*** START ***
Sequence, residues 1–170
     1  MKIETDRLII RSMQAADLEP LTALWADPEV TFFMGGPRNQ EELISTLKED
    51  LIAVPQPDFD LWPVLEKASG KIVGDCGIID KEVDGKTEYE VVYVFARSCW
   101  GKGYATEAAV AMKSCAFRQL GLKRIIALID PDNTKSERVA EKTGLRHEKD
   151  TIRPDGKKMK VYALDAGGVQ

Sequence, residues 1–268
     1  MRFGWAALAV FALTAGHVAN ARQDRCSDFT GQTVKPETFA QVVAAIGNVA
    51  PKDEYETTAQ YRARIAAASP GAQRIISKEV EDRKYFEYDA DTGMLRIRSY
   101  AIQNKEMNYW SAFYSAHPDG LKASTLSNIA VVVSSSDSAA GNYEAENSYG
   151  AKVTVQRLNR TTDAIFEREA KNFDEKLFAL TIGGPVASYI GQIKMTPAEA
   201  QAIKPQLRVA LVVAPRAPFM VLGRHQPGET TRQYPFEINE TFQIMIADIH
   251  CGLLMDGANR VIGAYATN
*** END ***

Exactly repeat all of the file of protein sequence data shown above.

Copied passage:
Sequence, residues 1–170
     1  MKIETDRLII RSMQAADLEP LTALWADPEV TFFMGGPRNQ EELISTLKED
    51  LIAVPQPDFD LWPVLEKASG KIVGDCGIID KEVDGKTEYE VVYVFARSCW
   101  GKGYATEAAV AMKSCAFRQL GLKRIIALID PDNTKSERVA EKTGLRHEKD
   151  TIRPDGKKMK VYALDAGGVQ

Sequence, residues 1–268
     1  MRFGWAALAV FALTAGHVAN ARQDRCSDFT GQTVKPETFA QVVAAIGNVA
    51  PKDEYETTAQ YRARIAAASP GAQRIISKEV EDRKYFEYDA DTGMLRIRSY
   101  AIQNKEMNYW SAFYSAHPDG LKASTLSNIA VVVSSSDSAA GNYEAENSYG
   151  AKVTVQRLNR TTDAIFEREA KNFDEKLFAL TIGGPVASYI GQIKMTPAEA
   201  QAIKPQLRVA LVVAPRAPFM VLGRHQPGET TRQYPFEINE TFQIMIADIH
   251  CGLLMDGANR VIGAYATN